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Hyte sells itself as a more premium retailer, with not many products in its name. However, the Hyte Y60 case has been rising in popularity. With plenty of hype around it on social media and modders taking it to the next level.
It stands out from the crowd with a more open design. However, many compare it to the Lian Li O11 Dynamic, which also features a glass front and back. But the Y60 varies itself with an edge piece of glass in the corner rather than a pillar. Which gives it a more uninterrupted panoramic view of the inside.
The case is offered in three different colors. With options for white, red, and black. Changing the colors of the outside trim and the PCIe riser. Which does come with the case itself to showcase your wares inside. We have the white case to review and will go through the details of it.
Singular thumb screw holding in side panels and toolless top removal
Two removable storage sleds
Meshed panels on fan intakes
All around the case is well designed and aesthetically pleasing. From the sides, the case is more than 50% tempered glass. What offers the great panoramic view of what the inside holds. The white version has just trims around the top and bottom, along with the back panel but lacks the color anywhere else.
By default, the case doesn’t have any RGB features, so neither are the fans. We get three standard white ones where two are in fact hidden in the bay below. Which we didn’t realize were there in the first place but does offer optimal temperature air to take in. So although at first there may not be a lot of airflow, there is in fact more to expect.
In general, the design is very sleek and simple. Apart from the angled glass, it is rather boxy and observed to look like an aquarium. But we don’t hold it against it as it is still nice and keeps the cost down potentially.
The back of the Hyte Y60 does offer some difference from other cases. Next to the IO cutout, there is the grill for a singular 120mm fan. A standard design choice for an air outtake. Below that there are the expansion slots and where this case differs. With a focused design on displaying your graphics card, it focuses on the vertical mounts. It has three full vertical slots, but then seven horizontal half slots.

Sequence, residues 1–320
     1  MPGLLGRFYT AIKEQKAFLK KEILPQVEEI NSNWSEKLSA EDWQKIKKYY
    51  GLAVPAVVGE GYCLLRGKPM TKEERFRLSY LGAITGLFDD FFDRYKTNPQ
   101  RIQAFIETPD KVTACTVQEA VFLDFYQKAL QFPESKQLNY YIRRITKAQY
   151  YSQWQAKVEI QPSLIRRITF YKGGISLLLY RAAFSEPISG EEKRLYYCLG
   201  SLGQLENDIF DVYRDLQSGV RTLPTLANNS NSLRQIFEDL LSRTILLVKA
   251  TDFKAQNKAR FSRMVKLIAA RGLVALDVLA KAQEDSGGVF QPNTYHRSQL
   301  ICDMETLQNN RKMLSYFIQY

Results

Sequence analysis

This does mean you can only mount your GPU vertically and half-height cards in the rest. Although expansion cards have become a bit more exotic there are use cases for WiFi cards and other PCIe cards. These should be fine but can get tedious, especially working around the included riser.
Then on the left side of the back, you find the expansions and ports for the back area. There are two very handy removable storage bays. Which gives you convenient access to change around your storage as long as you have the wiring connected. It is only for two 3.5-inch drives or four 2.5-inch drives, but that should be plenty for most needs.
There is also the power supply cutout and it mounts vertically as well. This does put the fan in a different position than usual but we look at that issue later on. All that’s left at the back is to mention the nice and helpful labeling for each part. This can be helpful for first-time builders showing them where parts like storage, expansion, and power need to go.